Local Leaders Question Bicycle Lanes
Charlestown Neighborhood Council wants to know why city officials didn't seek local input before installing paths for cyclists.
Those white lines that have appeared along Main Street are not a harbinger for a future construction project. They're markers for the city's first installation of bicycle lanes in Charlestown. And members of the Charlestown Neighborhood Council would like to know how they got there.
Three years ago Mayor Thomas C. Menino promised to install 20 miles of bicycle lanes around the city by 2010. The lanes in Charlestown mark the tail-end of that initiative. But when they arrived in the neighborhood's main business district in October, it was a surprise to local leaders.
At their monthly meeting on Thursday, members of the Neighborhood Council expressed disappointment that the city didn't consult with them— or even give any notice — before installing the lanes.
"I don't think anybody here hates bikes," said Thomas Cunha, who heads the council. "But anytime we don't get dialogue in the community about an issue, we're frustrated."
The bike lanes on Main Street will get a final coat of paint before they're completed, but the Neighborhood Council agreed to send the mayor's office a letter, insisting that the work gets put on hold until residents from Charlestown have a chance to weigh in.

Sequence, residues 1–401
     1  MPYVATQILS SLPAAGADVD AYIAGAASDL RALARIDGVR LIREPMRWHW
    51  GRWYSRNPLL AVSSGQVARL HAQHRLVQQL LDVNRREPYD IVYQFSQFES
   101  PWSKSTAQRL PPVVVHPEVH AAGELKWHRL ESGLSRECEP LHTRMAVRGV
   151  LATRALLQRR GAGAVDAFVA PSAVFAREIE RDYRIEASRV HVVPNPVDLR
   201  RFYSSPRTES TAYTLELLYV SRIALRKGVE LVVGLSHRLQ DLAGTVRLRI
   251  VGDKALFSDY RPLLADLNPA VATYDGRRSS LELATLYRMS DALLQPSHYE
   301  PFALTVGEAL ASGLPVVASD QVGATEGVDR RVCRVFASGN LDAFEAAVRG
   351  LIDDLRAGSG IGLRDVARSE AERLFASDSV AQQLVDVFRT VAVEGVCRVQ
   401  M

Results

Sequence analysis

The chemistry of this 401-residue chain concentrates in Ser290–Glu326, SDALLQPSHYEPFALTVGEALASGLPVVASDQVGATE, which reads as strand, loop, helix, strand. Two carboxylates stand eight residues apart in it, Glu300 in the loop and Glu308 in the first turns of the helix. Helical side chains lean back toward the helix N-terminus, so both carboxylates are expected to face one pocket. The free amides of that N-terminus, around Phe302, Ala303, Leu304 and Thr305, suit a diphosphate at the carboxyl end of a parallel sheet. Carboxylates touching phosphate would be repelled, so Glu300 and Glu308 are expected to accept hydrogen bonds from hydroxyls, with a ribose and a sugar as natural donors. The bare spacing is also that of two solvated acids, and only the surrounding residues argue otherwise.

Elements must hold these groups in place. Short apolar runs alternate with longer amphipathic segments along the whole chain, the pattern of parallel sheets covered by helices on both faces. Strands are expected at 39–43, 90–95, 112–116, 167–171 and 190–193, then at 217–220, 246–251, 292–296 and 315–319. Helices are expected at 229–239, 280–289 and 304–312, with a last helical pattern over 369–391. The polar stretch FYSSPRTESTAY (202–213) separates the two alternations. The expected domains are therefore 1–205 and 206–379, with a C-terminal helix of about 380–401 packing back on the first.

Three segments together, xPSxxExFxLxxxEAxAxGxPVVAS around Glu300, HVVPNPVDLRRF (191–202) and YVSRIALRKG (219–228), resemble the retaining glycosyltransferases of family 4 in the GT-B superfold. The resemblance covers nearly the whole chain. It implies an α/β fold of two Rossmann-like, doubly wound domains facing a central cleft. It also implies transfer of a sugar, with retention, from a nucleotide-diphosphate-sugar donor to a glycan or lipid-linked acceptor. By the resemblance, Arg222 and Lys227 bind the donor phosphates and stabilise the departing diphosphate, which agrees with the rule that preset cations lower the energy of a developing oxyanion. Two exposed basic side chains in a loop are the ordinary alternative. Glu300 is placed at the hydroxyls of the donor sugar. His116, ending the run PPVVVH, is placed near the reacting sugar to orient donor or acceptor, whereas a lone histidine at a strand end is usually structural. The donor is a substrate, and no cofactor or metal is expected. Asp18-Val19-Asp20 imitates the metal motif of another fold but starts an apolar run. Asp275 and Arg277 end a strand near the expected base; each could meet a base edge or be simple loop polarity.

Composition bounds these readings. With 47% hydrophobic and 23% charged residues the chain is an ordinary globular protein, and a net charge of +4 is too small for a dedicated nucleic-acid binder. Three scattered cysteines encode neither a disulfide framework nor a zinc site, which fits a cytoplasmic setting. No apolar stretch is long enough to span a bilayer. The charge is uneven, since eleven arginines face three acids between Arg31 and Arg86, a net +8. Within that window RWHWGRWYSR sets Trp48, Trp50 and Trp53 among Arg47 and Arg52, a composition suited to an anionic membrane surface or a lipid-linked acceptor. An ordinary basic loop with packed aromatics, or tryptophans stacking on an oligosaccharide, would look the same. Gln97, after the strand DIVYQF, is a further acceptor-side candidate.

Bike lanes have already been added to more than 15 miles of roads throughout the city. Streets were prioritized by demand for lanes (by cyclists), connections to existing trails, geography and feasibility, according to Nicole Freedman, director of bicycle programs for the city. Freedman appeared before the council on Thursday and got an earful about the lack of neighborhood involvement.
"We have beat up on folks in the city continuously about doing exactly this kind of thing," council member David Whelan said. "[The city] doesn't want people to give you input."
Freedman explained that the lanes were designed years ago, as part of the mayor's larger plan to make Boston a safer, more bicycle-friendly city. She said the city has already seen a 60 percent increase in ridership over the last two years as a result of this kind of work.
Charlestown's bike lanes will stretch the length of Main Street – in both directions – from Austin Street to the intersection with Bunker Hill Street. Freedman said lanes are a boon not just for cyclists, but for overall traffic safety too. "Cars go slower when you narrow the road," she told the council.
Members of the council questioned whether Main Street is the best spot in the neighborhood for bike lanes, as it's already limited on parking. Cunha suggested that Medford Street might be a more practical place for them. Diane Grant, who represents the Charlestown Business Association on the Neighborhood Council, added, "I don't hear from any businesses that they want bike paths, however they do want more parking."
The cost of creating bike lanes is covered entirely by the city. The Boston Transportation Department has a budget line item to install them. Freedman said the national average cost to plan and paint bike lanes is about $25,000-$50,000, depending on the complexity of the lane.